Food Recovery Network

Provincial Funding to Help Address Food Waste and Food Insecurity
Posted on 01/13/2022

New partnership will create a local food recovery network

Farm & Food Care Prince Edward Island in partnership with the City of Charlottetown, is taking action to help address food waste and food insecurity by creating a local food recovery network. The goal is to divert surplus food from producers, wholesalers, and retailers to local organizations, such as food banks and soup kitchens.

It is estimated that 58% of the food produced in Canada is wasted or lost somewhere along the food supply chain. This loss represents a missed opportunity to promote food security and wastes the natural resources used to grow, process and distribute food. Furthermore, rotting food generates methane, a potent greenhouse gas that contributes to climate change. As a result, food waste is thought to be responsible for 8 to 10% of human-caused greenhouse gas emissions.

“I am very pleased to be working alongside Second Harvest and Farm & Food Care to deliver surplus food to organizations who need it, while also cutting down on our food waste here in Charlottetown. I am hopeful the city will serve as an example of how to better implement more sustainable food practices right across the province,” said Mitchell Tweel, City Councillor, Ward 4 and Chair of Environment and Sustainability Committee.

The project will assess how much food waste exists locally and connect potential food donors with local organizations. The multi-phased project was recently awarded $47,700 funding from the provincial Climate Challenge Fund. Combined with in-kind services from both partner organizations and municipal funding, the total project budget is $53,000.

The food recovery network project will include:

  • An assessment of local food waste;
  • Targeted engagement and discussions with potential food donors such as food producers, wholesalers and retailers as well as potential food recipients such as food banks;
  • Deployment of Second Harvest’s Food Rescue App that will help put local surplus food into use in the community;
  • A small scale infrastructure fund that will support local non-profits to purchase the equipment they need to accept and distribute an increase of food donations; and,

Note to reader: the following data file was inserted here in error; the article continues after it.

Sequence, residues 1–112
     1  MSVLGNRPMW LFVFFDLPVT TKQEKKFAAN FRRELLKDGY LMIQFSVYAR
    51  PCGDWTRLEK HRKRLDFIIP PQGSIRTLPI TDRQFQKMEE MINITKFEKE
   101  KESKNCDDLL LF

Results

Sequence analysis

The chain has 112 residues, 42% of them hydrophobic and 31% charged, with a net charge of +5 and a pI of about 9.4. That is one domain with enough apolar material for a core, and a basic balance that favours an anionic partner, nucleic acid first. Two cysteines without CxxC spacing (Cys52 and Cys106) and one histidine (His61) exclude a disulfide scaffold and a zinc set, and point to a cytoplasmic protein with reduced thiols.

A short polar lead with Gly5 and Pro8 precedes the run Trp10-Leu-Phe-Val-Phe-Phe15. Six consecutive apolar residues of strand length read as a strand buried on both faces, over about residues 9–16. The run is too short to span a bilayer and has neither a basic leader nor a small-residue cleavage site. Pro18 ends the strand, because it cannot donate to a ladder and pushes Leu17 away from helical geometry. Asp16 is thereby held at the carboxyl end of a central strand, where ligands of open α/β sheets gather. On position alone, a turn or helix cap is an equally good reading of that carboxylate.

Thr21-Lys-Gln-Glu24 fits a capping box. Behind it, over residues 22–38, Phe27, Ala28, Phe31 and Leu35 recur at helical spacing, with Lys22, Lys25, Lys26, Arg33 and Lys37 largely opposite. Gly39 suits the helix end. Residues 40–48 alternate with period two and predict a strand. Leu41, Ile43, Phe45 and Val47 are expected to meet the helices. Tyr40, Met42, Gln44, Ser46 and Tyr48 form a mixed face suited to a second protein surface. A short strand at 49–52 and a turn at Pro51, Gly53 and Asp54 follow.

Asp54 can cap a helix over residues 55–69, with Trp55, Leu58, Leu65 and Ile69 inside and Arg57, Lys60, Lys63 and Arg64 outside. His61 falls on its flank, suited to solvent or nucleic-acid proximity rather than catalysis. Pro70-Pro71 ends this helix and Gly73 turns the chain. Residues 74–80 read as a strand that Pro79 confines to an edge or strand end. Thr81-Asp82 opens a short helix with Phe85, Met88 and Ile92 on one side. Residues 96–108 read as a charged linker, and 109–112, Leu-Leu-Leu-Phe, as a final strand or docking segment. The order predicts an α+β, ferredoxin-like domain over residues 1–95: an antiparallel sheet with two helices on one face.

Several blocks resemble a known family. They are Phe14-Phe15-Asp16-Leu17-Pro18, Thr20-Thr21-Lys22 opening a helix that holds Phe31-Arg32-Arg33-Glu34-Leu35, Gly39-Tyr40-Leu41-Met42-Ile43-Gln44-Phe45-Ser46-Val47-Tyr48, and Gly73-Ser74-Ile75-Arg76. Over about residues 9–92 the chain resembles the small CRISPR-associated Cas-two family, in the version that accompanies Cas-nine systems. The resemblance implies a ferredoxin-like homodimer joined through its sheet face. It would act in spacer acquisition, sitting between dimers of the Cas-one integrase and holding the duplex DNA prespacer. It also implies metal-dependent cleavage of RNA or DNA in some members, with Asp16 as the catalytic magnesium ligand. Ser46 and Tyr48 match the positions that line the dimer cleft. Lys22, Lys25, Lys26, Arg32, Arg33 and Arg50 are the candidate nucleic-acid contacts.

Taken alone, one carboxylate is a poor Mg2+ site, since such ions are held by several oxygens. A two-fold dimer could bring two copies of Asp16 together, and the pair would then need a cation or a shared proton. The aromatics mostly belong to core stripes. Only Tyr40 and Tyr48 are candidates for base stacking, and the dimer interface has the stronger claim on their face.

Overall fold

• Educational marketing and tools to increase the general public’s awareness around food waste and the importance of finding a home for healthy, delicious and nutritious food.

“We are very excited about this project to work with the City of Charlottetown and Second Harvest to launch the Food Recovery Network. This app will allow Island Farmers and other stakeholders within the industry network to divert Island grown food to a source that needs it whilst helping the environment,” said Ron Maynard, Chair of Farm & Food Care.

Farm & Food Care PEI and the City of Charlottetown are working with Second Harvest, Canada’s largest food rescue charity, to implement the Food Recovery Network. As part of the assessment of local food waste, Second Harvest is conducting an online survey to collect information on the current state and potential opportunities. The results will help to determine the quantity and location of surplus food in the community, guiding efforts to connect potential food donors with local organizations that can use this food in their programming. The survey is now open and geared toward businesses and organizations that may generate surplus food such as food producers, wholesalers, retailers, processors, and distributors as well as restaurants, caterers, and institutions.

To complete the survey, visit or click here. The survey closes Monday, January 31.

For more information, visit

PEI’s Climate Challenge Fund was established to help Islanders adapt to climate change, develop new technologies and opportunities, and reduce greenhouse gas emissions in innovative ways.